A mysterious host invites eight guests, each of them a stranger to the others, for an island holiday off the coast of Devon, a pair of married servants in attendance and said host (or hostess?) nowhere to be seen. Does this sound like recipe for murder?

To a diehard Agatha Christie fan, it not only does, it sounds suspiciously like And Then There Were None (aka Ten Little Indians), published first as a novel in 1939 and then adapted for the stage by the author herself in 1943.

Hollywood’s Actors Co-op now revives this Christie gem in a production that makes for as entertaining and suspenseful a mystery thriller as any Christie fan or neophyte could possibly ask for, thanks to incisive direction by Linda Kerns and topnotch performances by an all-around terrific cast.

 The reason that guests and servants have been assemble by a certain U.N. Owen (a name sounding suspiciously like the word “unknown”) soon becomes clarified by a disembodied (i.e. prerecorded) male voice. Each of them has committed murder, they are told, a murder that could not be proven in a court of law, but a murder nonetheless, and each will soon be receiving a punishment fitting not only the crime, but the nursery rhyme hanging above the mantelpiece. You may have heard it. It starts with, “Ten little soldier boys went out to dine; One choked his little self and then there were nine,” and ends with “One little soldier boy left all alone; He went out and hanged himself and then there were none.”

When one amongst them does indeed “choke his little self” by drinking a cocktail laced with cyanide, and then a second “oversleeps herself” with an overdose of sleeping pills, and a third meets his Maker through a knock the head (also per the nursery rhyme), it becomes crystal clear that by the time the weekend is over, there may indeed be but one “little soldier” left with no other choice but to do as the rhyme has instructed.


Like any classic Agatha Christie novel or play, And Then There Were None is peopled by a particularly diverse cast of characters, and like any Actors Co-op production, And Then There Were None is peopled by a particularly fine cast of actors.

The victims are, in order of appearance (and not of permanent disappearance):

Fred and Ethel Rogers (Pete Pano and Teresa Bisson), butler and cook accused of killing their former employer; Vera Claythorne (Greyson Chadwick), one-time governess said to have allowed her young charge to drown; Philip Lombard (Clay Bunker), a soldier of fortune who may have caused the deaths of men in his charge; Anthony Marston (Matthew Grondin), a spoiled playboy whose reckless driving could on at least one occasion have proven fatal; William Blore (Jack Kandel), a retired police inspector whose false accusations may have led to a man’s death in prison; General Mackenzie (Don Robb), an elderly gent accused of having sent his wife’s lover to his death; Emily Brent (Deborah Marlowe), a repressed old spinster whose Bible-thumping may have led to a young woman’s untimely demise; Sir Lawrence Wargrave (Steve Gustafson), a retired judge whose penchant for the death penalty may have sent an innocent man to the gallows; and Dr. Armstrong (Wenzel Jones), a Harley Street doctor said to have caused a patient’s death by operating on her while drunk.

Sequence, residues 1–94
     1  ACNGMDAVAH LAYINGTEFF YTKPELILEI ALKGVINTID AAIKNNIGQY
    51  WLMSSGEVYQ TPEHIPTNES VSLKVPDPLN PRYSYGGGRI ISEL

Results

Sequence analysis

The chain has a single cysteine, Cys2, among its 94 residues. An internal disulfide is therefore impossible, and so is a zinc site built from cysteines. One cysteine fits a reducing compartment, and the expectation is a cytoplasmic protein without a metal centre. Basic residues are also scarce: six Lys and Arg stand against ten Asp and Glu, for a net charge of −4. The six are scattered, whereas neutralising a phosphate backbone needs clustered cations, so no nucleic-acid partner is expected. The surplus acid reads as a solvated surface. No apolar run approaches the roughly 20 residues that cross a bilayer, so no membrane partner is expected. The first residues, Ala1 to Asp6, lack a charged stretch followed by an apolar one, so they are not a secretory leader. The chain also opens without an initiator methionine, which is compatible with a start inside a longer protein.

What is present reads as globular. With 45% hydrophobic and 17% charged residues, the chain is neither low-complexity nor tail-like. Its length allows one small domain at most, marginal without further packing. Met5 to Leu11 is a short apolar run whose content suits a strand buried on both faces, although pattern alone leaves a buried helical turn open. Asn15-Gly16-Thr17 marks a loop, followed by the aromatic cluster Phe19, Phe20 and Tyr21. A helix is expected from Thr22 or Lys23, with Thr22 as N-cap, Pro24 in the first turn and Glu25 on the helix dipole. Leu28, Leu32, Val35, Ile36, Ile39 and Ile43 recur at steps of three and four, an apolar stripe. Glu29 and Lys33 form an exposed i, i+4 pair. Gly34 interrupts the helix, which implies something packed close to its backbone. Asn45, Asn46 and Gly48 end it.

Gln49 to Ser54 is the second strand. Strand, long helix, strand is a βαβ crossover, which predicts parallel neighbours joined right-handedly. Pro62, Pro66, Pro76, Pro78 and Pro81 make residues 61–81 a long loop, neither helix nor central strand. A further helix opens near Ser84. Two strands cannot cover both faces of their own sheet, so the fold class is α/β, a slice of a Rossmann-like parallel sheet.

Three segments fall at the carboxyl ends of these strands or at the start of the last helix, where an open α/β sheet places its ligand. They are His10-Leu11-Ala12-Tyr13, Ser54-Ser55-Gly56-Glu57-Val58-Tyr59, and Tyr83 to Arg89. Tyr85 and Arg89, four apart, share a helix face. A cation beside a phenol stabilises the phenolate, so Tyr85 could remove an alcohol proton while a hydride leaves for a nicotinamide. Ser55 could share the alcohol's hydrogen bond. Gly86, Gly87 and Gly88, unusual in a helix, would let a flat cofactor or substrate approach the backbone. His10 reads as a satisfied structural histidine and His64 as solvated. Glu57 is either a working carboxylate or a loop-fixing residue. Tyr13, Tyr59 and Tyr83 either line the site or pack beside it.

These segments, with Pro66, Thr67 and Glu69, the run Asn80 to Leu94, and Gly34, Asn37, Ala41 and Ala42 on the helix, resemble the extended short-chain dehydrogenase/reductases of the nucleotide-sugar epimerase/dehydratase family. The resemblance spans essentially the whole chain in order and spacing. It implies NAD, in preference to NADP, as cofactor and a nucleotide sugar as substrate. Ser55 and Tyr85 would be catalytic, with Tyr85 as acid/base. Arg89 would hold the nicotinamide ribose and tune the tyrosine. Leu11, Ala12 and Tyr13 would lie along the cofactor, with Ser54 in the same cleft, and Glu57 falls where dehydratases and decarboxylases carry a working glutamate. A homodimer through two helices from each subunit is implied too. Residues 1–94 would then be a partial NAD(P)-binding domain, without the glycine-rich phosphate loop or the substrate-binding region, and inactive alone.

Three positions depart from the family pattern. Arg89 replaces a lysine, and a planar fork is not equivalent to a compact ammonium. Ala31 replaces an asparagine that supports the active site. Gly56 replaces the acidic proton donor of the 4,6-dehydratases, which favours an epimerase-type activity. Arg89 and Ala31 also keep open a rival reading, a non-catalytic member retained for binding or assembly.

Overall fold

The fewer the number of remaining guests, the clearer it becomes that before long only two survivors will be left in the otherwise empty house…and since one of them must perforce be the killer, that number will soon be divided in half. Or will it?

 Director Kerns eschews the tongue-in-cheek in favor of the authentic, a decision which ups the suspense and provides ample opportunity for her ensemble to create believable characters who find themselves in an incredible situation. Among cast standouts are Gustaftson’s commanding Sir Lawrence, Kandel’s dynamic Blore, and Jones’s fussy, fidgety Dr. Armstrong. Bunker and Chadwick provide sparkle (and sparks) as two of the accused who find themselves attracted to each other despite the potential danger of falling for a killer. The chameleon-like Marlowe vanishes into the skin of old maid Miss Brent (Elvira Gulch played deadly straight), the venerable Robb provides ample gravitas as General McKenzie, and Bisson, Grondin, Pano, and Sergio Mautone (in the cameo role of boatman Fred Narracott) complete the cast in tiptop fashion.

 And Then There Were None looks sensational on the David Schall Theatre stage, thanks to scenic and property designer Karen Ipock’s finely detailed living room set, Mark Svastics’ expert lighting design,  and Vicki Conrad’s period costumes and Krys Fehervari’s period hair design (both of them in a vague sometime between the 1930s and 1950s). Warren Davis scores high marks for a sound design which not only provides plenty of suspenseful effects but ups the tension with aptly chosen background music. Dialect coach Jill Massie has insured what appear to this reviewer’s ears to be bona fide British accents of the time period, despite an occasional /æ/ in place of the more authentic /ɑ/. Stage manager Rachel Landis deserves special credit for thing that go gone in the dark. Kimi Walker is producer.

Agatha Christie buffs who know that the author created an alternate ending for her stage adaptation may be interested in learning that a version preserving her original ending debuted in London in 2005. The Co-op sticks with the ending stage and screen aficionados are familiar with, one which provides no less of a surprise for those experiencing this suspense tale for the first time. Whether you’re a Christie aficionado or new to the Queen Of Crime, Actors Co-op’s spiffy revival guarantees you a murderously good time.

Actors Co-op, 1760 N. Gower St., Hollywood.

–Steven Stanley
November 4, 2012
Photos: Lindsay Schnebly

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